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THE MOM CLUB - I'll Be Home for Christmas: Dealing with the In-Laws without Becoming an Outlaw

Kristen Chase took the plunge into motherhood via a surprise pregnancy and is a married mom of two children under three.  Formerly a college music professor now writer (has her own blog), stay-at-home-parent, and military wife who recently moved to the Atlanta area.


When those pesky know-it-all friends told you that you’re not just marrying your husband and that you’re marrying his family, chances are you probably should have listened. Of course, no matter how many well (or not-so-well) meaning people told you, it wouldn’t have changed your mind. And in most situations, it really shouldn’t change your mind.


But then you get pregnant, and suddenly you’re not so sure. Your mother-in-law tells you that you’re “spreading all over the place” and offers you a list of “appropriate” baby names. Then she questions why you’re co-sleeping and why you’re holding her all the time. All this while she refuses to change a diaper because “she already did that once.”


And then all the trouble they caused you at your engagement party and wedding seem incredibly trite. I haven’t quite figured out what it is about mothering that gives every single person in the world an opinion about it, but I’ve never had so many people try to tell me a specific way to do something with someone that they don’t even know.


But it seems magnified times ten when it’s your mother-in-law. Depending on how often you see your inlaws, the holidays may or may not be an anxiety inducing affair. If they’ve driven you to near medicatable episodes on a daily or even weekly basis, perhaps a Christmas dinner or a Hanukkah celebration should be old hat. But even your well-rehearsed routine that includes long hours of cleaning and cooking, as well as a full spa day and coaching for your kids on what to say or not to say when Grandma and Grandpa come to visit might not be enough to deal with what is already a stressful time of year.


It often comes down to the mindset that their way is the only way, and any other way to do anything is just plain silly. So, even though no one in their right mind puts bourbon on their baby’s sore gums because it’s dangerous, they are still incredibly surprised that you would never consider it. And just try explaining the benefits of breastfeeding to a woman who laughed at the doctor when he asked her if she was going to do it.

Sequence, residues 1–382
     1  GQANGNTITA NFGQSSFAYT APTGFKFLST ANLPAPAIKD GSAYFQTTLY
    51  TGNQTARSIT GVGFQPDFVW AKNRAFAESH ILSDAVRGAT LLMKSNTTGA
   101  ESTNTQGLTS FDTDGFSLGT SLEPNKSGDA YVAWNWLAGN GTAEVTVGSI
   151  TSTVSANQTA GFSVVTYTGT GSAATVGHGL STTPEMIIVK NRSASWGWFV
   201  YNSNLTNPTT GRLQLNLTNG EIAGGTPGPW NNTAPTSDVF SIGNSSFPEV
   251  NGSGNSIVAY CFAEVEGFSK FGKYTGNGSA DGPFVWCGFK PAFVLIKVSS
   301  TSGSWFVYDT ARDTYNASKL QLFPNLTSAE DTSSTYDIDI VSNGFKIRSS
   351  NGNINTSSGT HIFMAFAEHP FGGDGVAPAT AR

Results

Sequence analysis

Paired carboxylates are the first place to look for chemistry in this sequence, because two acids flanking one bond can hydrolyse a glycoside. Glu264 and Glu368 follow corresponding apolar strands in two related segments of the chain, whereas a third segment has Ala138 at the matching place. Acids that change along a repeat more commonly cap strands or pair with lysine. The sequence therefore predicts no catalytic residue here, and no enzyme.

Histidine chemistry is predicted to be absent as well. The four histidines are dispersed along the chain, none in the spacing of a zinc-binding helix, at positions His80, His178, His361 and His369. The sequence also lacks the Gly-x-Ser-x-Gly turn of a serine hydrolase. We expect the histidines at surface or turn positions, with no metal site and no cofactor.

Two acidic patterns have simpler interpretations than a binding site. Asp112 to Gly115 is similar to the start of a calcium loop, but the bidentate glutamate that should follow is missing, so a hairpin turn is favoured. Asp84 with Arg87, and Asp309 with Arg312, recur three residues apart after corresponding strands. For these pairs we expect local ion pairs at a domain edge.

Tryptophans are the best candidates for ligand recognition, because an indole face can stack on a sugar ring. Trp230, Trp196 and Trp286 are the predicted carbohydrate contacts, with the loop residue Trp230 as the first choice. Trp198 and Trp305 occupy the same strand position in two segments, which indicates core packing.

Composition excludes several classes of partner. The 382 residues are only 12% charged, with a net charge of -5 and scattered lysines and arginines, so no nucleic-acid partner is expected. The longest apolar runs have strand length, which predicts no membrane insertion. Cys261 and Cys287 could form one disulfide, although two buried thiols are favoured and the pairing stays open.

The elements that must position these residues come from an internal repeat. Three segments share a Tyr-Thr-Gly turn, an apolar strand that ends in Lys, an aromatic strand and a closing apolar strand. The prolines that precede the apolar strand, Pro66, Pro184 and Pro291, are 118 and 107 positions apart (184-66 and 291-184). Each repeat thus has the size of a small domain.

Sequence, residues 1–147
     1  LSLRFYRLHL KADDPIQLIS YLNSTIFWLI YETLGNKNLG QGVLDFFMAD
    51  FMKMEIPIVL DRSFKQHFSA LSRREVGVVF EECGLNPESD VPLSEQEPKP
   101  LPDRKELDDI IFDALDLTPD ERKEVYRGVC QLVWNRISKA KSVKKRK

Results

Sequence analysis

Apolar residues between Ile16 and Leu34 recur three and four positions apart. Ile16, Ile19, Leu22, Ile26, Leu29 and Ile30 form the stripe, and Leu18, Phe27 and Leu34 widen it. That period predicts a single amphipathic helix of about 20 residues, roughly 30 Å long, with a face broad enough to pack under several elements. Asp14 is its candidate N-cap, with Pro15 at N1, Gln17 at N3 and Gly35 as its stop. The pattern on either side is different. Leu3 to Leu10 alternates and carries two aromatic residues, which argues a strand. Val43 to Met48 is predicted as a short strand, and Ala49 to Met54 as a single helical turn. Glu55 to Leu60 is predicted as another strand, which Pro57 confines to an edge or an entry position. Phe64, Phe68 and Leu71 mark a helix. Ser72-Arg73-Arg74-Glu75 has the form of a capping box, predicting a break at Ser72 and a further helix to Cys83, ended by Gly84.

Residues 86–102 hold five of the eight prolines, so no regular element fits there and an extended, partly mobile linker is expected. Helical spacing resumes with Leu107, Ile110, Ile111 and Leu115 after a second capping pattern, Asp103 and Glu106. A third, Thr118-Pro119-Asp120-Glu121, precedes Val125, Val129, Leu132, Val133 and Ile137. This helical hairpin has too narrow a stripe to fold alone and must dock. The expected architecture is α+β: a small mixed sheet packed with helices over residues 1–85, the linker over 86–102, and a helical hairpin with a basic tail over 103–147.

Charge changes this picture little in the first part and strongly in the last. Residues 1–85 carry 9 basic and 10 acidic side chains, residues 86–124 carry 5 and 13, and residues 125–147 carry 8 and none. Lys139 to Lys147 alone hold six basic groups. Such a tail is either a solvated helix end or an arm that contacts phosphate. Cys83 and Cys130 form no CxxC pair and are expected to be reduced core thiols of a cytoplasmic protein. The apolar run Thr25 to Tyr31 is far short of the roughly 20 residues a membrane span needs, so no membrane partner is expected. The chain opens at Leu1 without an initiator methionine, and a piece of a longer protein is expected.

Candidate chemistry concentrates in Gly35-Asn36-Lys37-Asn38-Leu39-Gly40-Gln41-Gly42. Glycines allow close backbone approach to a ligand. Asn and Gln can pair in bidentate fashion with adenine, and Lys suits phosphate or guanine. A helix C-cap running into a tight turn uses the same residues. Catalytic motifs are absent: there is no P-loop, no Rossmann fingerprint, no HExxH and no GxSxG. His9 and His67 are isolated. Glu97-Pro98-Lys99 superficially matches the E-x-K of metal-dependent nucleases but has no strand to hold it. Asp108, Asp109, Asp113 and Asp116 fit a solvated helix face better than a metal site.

Let’s just say you’d better find a quiet room in the back of the house just so you can feed the baby. But as we all know, parenting is a subjective experience, and the best parents are connected with their own kids and do what’s right for them. Who’s to tell you what’s best for your own child? They can certainly offer you advice and information, but when it comes down to it, you know your child better than anyone else.   


That doesn’t mean, however, that you get to block out all the comments, many of which seem to come out when you’re stuck in a house full of talking Irish Santa figurines, brightly lit fake Christmas trees, and weird tasting Swedish meatballs. Even the toughest athlete could not endure the holiday onslaught from the inlaws that includes anything from sugaring up your kids with cookies and cakes, to asking you why your kids aren’t wearing those ugly clothes they sent.


But that doesn’t mean that you need to stand by and drink eggnog alone in the corner all night. Instead, try dealing with the inlaws in a way that will make your holidays a bit more enjoyable but won’t cause strife in your own marriage.


And no, I’m not talking about sending them on an Alaskan cruise. The most important approach is to let your spouse deal with his parents. That means, if there’s an issue or problem before or during the visit, let him handle it. You don’t want to get tangled up in a mess that could get way more complicated than it should be. So, talk with your spouse prior to your visit about your expectations and how he can handle situations and then let him do it.


There are times that you won’t be able to stay out of situations, be it that your inlaws are directing negative comments to you or you’re within earshot to things they are saying to your kids. And in those situations, it’s best to deal with it when it happens. If you just let things go, chances are they will build up resentment. And aside from extremely bad wrinkle lines and gray hair, resentment does absolutely nothing for you. So, address them quickly and quietly, with a smile on your face and the knowledge that someone somewhere probably has it worse than you do.


And when all else fails, try your darndest to let things go. If your kids are young enough, you can trash those terrible battery operated psycho toys they seem to like to buy when they’re asleep. And if they’re not, you can always take the batteries out and make your kids earn them back by doing chores. Unless your inlaws are terribly devious people who are purposely trying to make your life miserable, I’m betting they come from a good place- a good obsessively clean place with plastic on all the furniture that matches to the point of lunacy, but a good one at that.


When it comes down to it, your inlaws did raise your spouse who’s undoubtedly a pretty great person. And while it might be a total fluke, chances are, they probably did something right.

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User Comments:
Laurel Cossitt said:
Kristen, I'm getting ready to write a "grandparent rivalry" column for the site. I'd love to hear your thoughts on that! Everything confidential of course. BTW I wouldn't have let my kids in a house with plastic covered furniture but thanks for the laugh. (I'm still rather fond of yogurt and cheerios!)
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